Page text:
GPT has demonstrated impressive capabilities in executing various natural language processing (NLP) and reasoning tasks, showcasing its potential for deductive coding in social annotations. This research explored the effectiveness of prompt engineering and fine-tuning approaches of GPT for deductive coding of context dependent and context-independent dimensions. Coding context dependent dimensions (i.e., Theorizing, Integration, Reflection) requires a contextualized understanding that connects the target comment with reading materials and previous comments, whereas coding context-independent dimensions (i.e., Appraisal, Questioning, Social, Curiosity, Surprise) relies more on the comment itself. Utilizing strategies such as prompt decomposition, multi-prompt learning, and a codebook-centered approach, we found that prompt engineering can achieve fair to substantial agreement with expert labeled data across various coding dimensions. These results affirm GPT’s potential for effective application in real-world coding tasks. Compared to context-independent coding, context-dependent dimensions had lower agreement with expert-labeled data. To enhance accuracy, GPT models were fine-tuned using 102 pieces of expert-labeled data, with an additional 102 cases used for validation. The fine-tuned models demonstrated substantial agreement with ground truth in context-independent dimensions and elevated the inter-rater reliability of context-dependent categories to moderate levels. This approach represents a promising path for significantly reducing human labor and time, especially with large unstructured datasets, without sacrificing the accuracy and reliability of deductive coding tasks in social annotation. The study marks a step toward optimizing and streamlining coding processes in social annotation. Our findings suggest the promise of using GPT to analyze qualitative data and provide detailed, immediate feedback for students to elicit deepening inquiries.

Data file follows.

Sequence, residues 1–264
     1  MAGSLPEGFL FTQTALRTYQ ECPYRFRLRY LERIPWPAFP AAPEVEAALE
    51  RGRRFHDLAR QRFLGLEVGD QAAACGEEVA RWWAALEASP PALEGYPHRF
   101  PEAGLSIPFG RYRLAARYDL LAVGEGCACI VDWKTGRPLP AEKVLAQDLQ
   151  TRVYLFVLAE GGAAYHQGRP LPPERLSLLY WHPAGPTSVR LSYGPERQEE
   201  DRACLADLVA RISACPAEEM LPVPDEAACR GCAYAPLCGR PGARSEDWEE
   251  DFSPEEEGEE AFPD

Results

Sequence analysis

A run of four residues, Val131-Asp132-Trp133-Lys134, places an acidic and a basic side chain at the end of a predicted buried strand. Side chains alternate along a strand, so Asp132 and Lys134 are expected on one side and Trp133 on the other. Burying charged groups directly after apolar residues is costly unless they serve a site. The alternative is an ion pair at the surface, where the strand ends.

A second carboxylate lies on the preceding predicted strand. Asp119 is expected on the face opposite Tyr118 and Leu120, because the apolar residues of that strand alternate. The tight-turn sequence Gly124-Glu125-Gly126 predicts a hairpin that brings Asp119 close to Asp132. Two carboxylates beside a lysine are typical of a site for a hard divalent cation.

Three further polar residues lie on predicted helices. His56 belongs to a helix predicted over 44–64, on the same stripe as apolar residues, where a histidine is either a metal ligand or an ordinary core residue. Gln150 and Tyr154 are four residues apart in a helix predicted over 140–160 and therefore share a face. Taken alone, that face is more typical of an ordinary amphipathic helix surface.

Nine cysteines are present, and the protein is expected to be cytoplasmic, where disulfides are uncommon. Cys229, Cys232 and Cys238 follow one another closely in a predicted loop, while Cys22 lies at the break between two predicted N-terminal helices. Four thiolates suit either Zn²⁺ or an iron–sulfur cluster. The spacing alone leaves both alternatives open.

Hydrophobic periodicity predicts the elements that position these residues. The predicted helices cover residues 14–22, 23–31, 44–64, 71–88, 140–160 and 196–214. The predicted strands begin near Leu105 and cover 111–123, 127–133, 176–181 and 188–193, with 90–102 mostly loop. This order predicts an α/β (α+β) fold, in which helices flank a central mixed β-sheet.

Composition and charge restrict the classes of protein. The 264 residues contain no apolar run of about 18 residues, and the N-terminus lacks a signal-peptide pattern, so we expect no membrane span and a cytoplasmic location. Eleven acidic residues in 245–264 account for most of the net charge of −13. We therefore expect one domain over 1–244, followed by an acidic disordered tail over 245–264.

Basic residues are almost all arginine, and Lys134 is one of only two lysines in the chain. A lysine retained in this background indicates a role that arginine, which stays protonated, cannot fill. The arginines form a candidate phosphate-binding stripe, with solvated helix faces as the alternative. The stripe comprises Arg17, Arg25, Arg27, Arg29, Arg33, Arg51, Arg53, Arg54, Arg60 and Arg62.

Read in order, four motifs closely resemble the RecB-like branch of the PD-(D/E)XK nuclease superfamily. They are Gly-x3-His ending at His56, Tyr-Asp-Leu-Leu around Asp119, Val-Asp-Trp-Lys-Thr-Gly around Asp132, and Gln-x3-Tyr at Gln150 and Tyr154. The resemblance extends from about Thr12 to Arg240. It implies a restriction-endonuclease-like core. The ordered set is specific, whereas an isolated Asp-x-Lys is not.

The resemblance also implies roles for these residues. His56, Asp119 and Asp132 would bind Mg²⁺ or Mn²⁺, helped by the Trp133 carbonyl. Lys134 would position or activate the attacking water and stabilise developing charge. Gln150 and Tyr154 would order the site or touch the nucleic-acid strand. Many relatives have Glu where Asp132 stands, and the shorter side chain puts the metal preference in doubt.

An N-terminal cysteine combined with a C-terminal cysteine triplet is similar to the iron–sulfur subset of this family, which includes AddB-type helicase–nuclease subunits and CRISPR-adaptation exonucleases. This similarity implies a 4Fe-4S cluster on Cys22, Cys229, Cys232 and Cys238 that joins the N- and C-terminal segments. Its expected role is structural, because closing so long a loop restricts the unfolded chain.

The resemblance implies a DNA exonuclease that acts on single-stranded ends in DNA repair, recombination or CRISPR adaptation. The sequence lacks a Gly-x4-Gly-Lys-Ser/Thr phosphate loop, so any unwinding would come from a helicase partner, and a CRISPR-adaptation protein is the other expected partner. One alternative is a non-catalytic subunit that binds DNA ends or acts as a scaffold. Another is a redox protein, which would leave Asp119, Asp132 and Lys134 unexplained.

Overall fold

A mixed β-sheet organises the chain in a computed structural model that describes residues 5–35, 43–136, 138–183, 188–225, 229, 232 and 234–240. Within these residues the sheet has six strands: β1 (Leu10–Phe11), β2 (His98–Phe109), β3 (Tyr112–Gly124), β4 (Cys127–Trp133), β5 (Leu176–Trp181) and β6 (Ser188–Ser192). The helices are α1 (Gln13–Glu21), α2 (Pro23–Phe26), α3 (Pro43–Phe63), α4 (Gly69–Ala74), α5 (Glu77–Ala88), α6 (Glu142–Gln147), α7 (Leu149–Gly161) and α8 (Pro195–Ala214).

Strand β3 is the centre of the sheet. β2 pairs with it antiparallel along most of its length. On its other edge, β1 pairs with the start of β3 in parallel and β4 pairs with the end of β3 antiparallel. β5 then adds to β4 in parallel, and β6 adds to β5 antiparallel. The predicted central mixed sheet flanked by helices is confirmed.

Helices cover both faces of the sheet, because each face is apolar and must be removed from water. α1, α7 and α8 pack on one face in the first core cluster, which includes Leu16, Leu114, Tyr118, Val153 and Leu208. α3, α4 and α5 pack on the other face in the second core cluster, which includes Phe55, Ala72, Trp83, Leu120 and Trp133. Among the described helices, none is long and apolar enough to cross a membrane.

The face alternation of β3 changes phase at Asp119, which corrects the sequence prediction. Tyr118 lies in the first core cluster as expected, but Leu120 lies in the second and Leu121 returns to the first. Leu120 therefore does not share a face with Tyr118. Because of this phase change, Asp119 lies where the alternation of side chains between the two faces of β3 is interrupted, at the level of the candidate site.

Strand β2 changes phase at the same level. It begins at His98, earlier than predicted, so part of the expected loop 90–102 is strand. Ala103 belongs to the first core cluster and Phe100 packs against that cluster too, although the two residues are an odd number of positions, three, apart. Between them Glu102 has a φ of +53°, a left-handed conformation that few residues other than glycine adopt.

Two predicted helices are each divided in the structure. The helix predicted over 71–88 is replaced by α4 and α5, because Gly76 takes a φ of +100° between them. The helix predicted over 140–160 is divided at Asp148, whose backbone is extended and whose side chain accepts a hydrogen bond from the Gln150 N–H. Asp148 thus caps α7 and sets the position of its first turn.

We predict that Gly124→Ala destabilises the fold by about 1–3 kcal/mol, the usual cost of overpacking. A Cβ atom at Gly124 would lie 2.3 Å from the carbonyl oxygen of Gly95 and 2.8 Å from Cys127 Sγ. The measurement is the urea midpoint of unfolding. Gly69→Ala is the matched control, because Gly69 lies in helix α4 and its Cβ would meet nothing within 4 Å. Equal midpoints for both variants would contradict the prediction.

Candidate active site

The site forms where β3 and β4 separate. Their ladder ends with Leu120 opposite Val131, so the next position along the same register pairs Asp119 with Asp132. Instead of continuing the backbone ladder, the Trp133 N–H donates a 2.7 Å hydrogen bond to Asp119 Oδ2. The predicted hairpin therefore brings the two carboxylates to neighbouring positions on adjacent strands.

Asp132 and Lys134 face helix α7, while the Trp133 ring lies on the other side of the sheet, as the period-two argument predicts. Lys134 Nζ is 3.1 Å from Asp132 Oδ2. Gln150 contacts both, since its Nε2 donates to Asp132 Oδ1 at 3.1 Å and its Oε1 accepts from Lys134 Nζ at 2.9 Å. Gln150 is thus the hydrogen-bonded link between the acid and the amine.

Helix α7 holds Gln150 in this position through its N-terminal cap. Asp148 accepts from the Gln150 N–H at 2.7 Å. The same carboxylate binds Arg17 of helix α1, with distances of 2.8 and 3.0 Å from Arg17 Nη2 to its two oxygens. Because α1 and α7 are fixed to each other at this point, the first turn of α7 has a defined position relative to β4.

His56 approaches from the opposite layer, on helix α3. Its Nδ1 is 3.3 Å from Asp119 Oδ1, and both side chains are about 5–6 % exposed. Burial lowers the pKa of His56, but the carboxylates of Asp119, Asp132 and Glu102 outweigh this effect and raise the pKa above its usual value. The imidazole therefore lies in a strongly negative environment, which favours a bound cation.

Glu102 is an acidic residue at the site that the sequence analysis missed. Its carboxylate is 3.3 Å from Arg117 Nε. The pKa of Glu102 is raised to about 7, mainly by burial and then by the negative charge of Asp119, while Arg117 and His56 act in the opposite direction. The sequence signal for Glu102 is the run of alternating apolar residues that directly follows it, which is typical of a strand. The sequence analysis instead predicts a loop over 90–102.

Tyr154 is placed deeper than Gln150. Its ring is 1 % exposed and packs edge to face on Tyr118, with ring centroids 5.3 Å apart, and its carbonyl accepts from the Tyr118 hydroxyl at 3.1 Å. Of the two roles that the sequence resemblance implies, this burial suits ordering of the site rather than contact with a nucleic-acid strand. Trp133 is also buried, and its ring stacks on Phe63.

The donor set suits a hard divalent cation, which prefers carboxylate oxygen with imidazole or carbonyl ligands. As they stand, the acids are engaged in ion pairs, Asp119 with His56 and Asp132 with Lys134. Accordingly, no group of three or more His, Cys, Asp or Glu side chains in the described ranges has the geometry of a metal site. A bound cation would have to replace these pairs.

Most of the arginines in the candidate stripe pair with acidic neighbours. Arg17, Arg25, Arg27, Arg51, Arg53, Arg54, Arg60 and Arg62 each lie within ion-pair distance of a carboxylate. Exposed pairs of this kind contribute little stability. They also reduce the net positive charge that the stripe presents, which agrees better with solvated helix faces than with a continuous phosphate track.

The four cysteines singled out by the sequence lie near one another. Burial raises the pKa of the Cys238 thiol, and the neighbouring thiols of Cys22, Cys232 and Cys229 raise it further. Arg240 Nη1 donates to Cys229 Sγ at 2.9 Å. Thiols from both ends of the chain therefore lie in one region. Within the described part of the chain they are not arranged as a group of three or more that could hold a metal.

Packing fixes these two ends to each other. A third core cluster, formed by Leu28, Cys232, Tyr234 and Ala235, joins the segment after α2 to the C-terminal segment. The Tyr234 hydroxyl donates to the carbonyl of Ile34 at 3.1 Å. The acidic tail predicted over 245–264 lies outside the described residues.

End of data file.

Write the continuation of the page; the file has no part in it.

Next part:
4  85
  • Publication
    Open Access
    Testing only
    (2024)
    Stephanie Ow
      3  4
  • Publication
    Open Access
    Ethnicity and intonational variation in Singapore English child-directed speech
    (Chinese and Oriental Languages Information Processing Society, 2023)
    Chong, Adam J.
    ;
    ;
    Post, Brechtje
      13  62
  • Publication
    Open Access
    MATHDIAL: A dialogue tutoring dataset with rich pedagogical properties grounded in math reasoning problems
    (Association for Computational Linguistics, 2023)
    Macina, Jakub
    ;
    Daheim, Nico
    ;
    Sankalan Pal Chowdhury
    ;
    ;
    Manu Kapur
    ;
    Gurevych, Iryna
    ;
    Mrinmaya Sachan
    While automatic dialogue tutors hold great potential in making education personalized and more accessible, research on such systems has been hampered by a lack of sufficiently large and high-quality datasets. Collecting such datasets remains challenging, as recording tutoring sessions raises privacy concerns and crowdsourcing leads to insufficient data quality. To address this, we propose a framework to generate such dialogues by pairing human teachers with a Large Language Model (LLM) prompted to represent common student errors. We describe how we use this framework to collect MATHDIAL , a dataset of 3k one-to-one teacher-student tutoring dialogues grounded in multi-step math reasoning problems. While models like GPT-3 are good problem solvers, they fail at tutoring because they generate factually incorrect feedback or are prone to revealing solutions to students too early. To overcome this, we let teachers provide learning opportunities to students by guiding them using various scaffolding questions according to a taxonomy of teacher moves. We demonstrate MATHDIAL and its extensive annotations can be used to finetune models to be more effective tutors (and not just solvers). We confirm this by automatic and human evaluation, notably in an interactive setting that measures the trade-off between student solving success and telling solutions. The dataset is released publicly.
      9  64